One of the frustrations we've had with our school's program, Everyday Math, is that its expectations often seem very unclear. In our house, at least, that seems to breed a strong feeling of insecurity and frustration around the subject of math, which I'm afraid is going to outweigh any benefit that might come from the program's attempts to take a more conceptual approach to the subject.

    Everyday Math is a "spiral" program, too, and it seems like it's often just trying to introduce certain concepts to the kids that will be revisited and expanded upon later, and that it's not really expecting the kids to master those new concepts, at least not right away. I can see some logic in that, but at the same time, if that's true, I wish someone would tell the kids that it works that way. It's only natural for them to think that they're supposed to be able to do whatever it is they're being asked to do, and to feel as if they have failed if they can't do it.

    Who knows, maybe it somehow raises math test scores. What difference does it make, if the kids end up hating math? That seems to embody the entire approach of schools today: raise scores at any cost.

  2. Chris, I think you're right that programs like Everyday Math don't expect kids fully to understand certain concepts the first time around. But I think proponents of these types of programs fail to take into consideration the frustration a child feels when he or she does not fully understand something. And how this frustration contributes to math anxiety.

    As for tests scores, I don't think these new reform curricula have actually raised math scores since they were introduced over a decade ago. On international tests--as opposed to state or provincial tests that may well be testing only how well kids are absorbing the new curriculum--the US and Canada don't perform particularly well. Year after year, they are outperformed by countries that don't use a constructivist math curriculum--countries such as Singapore and China. I'm not saying higher international test scores should be the goal of math instruction, but I also don't think test scores can be used to defend the current curriculum. I also find it interesting that National Council of Teachers of Mathematics (NCTM) has recently backed down on some of the more controversial reformist proposals set forth in their (in)famous 1989 report.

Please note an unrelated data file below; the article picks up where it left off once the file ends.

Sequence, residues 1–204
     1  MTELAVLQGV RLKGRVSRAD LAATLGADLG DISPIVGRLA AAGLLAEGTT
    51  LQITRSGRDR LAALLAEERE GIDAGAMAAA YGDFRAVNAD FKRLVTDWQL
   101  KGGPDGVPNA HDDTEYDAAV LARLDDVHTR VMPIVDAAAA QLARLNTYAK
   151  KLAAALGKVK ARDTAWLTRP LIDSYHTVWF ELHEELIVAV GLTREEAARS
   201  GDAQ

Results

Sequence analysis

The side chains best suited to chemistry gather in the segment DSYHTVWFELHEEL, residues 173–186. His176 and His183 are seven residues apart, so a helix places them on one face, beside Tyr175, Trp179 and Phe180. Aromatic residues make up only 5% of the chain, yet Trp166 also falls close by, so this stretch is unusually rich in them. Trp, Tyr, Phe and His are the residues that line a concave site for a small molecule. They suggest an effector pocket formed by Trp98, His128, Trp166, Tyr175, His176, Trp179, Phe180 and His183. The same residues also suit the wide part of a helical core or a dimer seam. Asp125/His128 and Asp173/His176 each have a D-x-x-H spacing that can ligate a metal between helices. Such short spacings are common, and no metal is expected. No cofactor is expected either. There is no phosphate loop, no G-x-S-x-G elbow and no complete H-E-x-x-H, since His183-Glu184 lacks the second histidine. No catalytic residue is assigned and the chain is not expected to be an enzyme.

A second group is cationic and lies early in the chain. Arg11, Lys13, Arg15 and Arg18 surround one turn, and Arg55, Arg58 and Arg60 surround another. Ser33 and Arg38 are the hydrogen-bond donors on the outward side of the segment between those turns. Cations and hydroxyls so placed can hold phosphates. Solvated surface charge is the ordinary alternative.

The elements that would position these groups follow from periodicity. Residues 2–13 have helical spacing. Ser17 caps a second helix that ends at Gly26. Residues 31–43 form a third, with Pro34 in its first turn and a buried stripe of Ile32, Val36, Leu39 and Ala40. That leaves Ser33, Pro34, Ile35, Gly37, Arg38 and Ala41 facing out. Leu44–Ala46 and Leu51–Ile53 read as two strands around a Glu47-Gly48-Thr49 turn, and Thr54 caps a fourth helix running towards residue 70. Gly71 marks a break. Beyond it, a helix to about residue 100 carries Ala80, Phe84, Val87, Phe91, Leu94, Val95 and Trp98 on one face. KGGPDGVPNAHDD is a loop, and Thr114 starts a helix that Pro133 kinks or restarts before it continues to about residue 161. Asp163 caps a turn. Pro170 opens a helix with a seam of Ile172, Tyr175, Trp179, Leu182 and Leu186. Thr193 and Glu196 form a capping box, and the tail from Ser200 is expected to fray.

In any case, the debate about math instruction, both in the elementary grades and in high school, continues, as this interesting article in Scientific American attests:

  3. northTOMom, this is fabulous! Can I repost it to Kid-Friendly Schools? Thanks!

  4. Thanks FedUpMom. Yes, you can re-post it to Kid-Friendly-Schools.

  5. We are fighting the same reform math programs here in the US. See our blog:

  6. Your blog is a great source of information on this issue. Thanks.

  7. I'm sorry to hear that the constructivist/reform math craze has spread to Canada. In the US, we've been fighting a losting battle with school boards/districts to have the various programs removed (Everyday Math, Investigations in Number, Data and Space; Connected Math Program; those are the chief culprits). But the publishers are good marketers and the politics is too much for the average community. On occasion they get tossed out, but even when bad texts are NOT used, the method of teaching math is to do it in groups, collaboratively, as the teachers are taught to do in ed schools.

    I have written about it extensively (see for an article that describes the state of US K-12 math education and how it got that way), and have decided to teach math when I retire in about five months. I've gone through the ed school hoops but there are still more hoops they make you jump through. Ridiculous hoops, and then they complain about a shortage of qualified math teachers. But that's another topic for another time.